I walked into Ben's cavernous office, shook his limp hand and told him I was hoping he could help me. He leaned back in his chair, lit up his cigar, pulled open his desk drawer and pulled out a bottle of bourbon. “Care for one?” Ben asked. I declined. He poured himself a stiff one, downed it and said, “OK, kid. Whatchya got for me?”

I begin relating my client's story when Ben's inter-office phone rang. He picked it up, listened to his secretary and then hung up. “Gotta go, kid. Lunch engagement. Come back at three,” he said as he tossed on his jacket.

I dutifully returned at 3pm. I told Ben's secretary that he was expecting me. She smiled, and said, “Not this afternoon he isn't.” I tried to argue, but she sent me packing. I told my boss what had happened. He was upset. “I told you to see him before lunch!” He yelled. I replied that I had, but Ben had cut our meeting short.

I still recall my boss sighing, and thinking out loud, “If he goes on a bender, we're dead.”

Happily, Ben showed up the next morning, met with me, extracted the information he needed. Et voila, we had a Louis Rukeyser column and a very, very happy client.

There were quite a few Ben's at H&K. And, they could work wonders. But, only BEFORE lunch. After that, those Mad Men were positively useless. And, yet, no one said anything or did anything about their alcoholism. Nothing good about those old days.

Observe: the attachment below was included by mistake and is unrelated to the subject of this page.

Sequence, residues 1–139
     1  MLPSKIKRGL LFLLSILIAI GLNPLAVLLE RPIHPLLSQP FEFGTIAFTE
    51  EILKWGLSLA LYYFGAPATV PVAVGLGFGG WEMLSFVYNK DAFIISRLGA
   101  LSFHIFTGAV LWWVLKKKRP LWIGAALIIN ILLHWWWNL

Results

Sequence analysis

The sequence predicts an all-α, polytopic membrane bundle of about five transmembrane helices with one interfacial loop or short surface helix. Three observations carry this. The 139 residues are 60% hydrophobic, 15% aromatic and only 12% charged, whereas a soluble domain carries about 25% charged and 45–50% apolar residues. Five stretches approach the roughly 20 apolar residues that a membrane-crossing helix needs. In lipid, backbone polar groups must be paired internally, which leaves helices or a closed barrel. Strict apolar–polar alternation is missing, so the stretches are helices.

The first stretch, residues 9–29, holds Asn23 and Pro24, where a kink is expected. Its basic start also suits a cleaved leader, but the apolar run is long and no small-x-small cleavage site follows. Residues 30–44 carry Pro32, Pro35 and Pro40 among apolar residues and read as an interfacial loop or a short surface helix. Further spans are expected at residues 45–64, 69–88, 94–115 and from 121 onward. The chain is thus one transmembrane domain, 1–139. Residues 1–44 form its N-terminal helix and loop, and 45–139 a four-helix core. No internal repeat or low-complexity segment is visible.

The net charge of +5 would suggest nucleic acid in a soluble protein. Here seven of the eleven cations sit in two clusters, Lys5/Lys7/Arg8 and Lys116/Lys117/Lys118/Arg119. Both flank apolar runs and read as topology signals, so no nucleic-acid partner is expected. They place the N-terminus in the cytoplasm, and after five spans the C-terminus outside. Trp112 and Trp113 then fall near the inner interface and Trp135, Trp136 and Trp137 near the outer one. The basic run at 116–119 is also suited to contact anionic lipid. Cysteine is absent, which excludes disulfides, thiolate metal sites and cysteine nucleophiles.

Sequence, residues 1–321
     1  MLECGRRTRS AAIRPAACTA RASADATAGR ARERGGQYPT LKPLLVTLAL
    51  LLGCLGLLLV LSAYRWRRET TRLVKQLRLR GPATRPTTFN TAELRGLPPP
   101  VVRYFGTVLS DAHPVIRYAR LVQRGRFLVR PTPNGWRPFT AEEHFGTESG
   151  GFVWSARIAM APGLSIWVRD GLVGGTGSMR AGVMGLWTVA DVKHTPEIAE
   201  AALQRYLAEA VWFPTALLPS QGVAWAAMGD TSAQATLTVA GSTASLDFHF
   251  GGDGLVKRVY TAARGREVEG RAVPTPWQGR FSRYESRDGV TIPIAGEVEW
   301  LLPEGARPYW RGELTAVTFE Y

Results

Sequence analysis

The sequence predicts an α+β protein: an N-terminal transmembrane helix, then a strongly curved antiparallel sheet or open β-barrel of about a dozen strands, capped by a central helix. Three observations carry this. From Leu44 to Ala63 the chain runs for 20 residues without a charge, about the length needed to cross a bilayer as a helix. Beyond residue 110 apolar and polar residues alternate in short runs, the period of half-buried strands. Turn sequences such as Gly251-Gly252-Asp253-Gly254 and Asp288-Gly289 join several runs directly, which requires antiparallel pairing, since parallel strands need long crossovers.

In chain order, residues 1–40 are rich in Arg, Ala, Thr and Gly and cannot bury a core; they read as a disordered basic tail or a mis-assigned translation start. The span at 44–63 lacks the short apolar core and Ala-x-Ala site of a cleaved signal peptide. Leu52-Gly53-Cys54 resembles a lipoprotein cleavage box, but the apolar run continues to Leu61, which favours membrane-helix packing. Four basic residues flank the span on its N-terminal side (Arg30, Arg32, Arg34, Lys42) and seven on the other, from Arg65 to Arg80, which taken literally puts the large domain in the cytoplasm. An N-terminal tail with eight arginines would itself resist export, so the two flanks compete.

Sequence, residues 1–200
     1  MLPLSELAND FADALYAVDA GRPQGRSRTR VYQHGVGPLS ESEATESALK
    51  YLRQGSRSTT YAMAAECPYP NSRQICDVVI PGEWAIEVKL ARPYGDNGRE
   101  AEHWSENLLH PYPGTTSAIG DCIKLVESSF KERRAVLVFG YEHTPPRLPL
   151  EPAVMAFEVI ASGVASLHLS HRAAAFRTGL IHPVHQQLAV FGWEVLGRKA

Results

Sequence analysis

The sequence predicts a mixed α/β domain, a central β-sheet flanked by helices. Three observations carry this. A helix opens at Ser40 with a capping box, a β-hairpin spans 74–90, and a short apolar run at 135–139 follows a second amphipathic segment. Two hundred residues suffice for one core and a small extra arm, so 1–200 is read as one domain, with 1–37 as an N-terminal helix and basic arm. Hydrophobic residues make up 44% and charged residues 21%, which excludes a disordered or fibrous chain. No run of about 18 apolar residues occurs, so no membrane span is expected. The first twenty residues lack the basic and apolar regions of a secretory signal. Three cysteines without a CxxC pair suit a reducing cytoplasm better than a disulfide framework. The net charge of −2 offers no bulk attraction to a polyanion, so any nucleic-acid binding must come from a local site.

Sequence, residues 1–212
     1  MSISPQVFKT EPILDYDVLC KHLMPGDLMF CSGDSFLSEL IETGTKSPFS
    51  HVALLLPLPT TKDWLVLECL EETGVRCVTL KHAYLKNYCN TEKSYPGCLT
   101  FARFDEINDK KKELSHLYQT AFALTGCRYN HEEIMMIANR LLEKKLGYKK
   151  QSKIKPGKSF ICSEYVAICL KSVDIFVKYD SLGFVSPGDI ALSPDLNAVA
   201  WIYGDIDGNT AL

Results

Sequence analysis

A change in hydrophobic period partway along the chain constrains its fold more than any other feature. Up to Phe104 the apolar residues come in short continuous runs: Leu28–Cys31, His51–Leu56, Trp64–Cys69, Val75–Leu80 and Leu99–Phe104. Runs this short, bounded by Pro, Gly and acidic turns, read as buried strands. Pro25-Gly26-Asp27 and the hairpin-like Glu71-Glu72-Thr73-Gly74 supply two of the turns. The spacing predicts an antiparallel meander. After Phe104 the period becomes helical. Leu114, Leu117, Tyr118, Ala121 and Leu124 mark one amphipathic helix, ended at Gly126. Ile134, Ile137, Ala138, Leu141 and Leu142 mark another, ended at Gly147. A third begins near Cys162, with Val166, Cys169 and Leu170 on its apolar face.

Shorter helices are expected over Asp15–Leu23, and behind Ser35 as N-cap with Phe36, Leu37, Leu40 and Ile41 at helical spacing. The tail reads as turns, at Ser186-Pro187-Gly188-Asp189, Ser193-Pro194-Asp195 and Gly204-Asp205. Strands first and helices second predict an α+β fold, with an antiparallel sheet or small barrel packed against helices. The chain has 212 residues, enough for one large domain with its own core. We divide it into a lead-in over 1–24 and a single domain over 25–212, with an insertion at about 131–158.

Jun 25

You can check in, but you can never leave

Jet_lag_1385638c

It strikes me that more and more brands are promising one experience but delivering a very different one. Take United Airlines. Please!

My business travel experience has gone to hell in a handbasket ever since United absorbed Continental in a recent merger of equals (to which I reply, 'Ha!' There never has been, nor will there ever be a merger of equals). And, to pour salt in the wound, United is running a multi-million advertising campaign touting such achievements as the industry's newest fleet of aircraft, the most destinations of any domestic airline and, yes, Virginia, a solid on-time performance record. Choke me with a spoon!

In the past few weeks alone, I've suffered back-to-back, three hours delays flying to, and from, Manchester, NH, from Newark Airport, a nifty four-hour delay from Logan and yesterday's cancellation of a flight caused by what a Manchester gate agent described as, 'Weather, or a mechanical problem. It's Newark Airport, so we never really know.'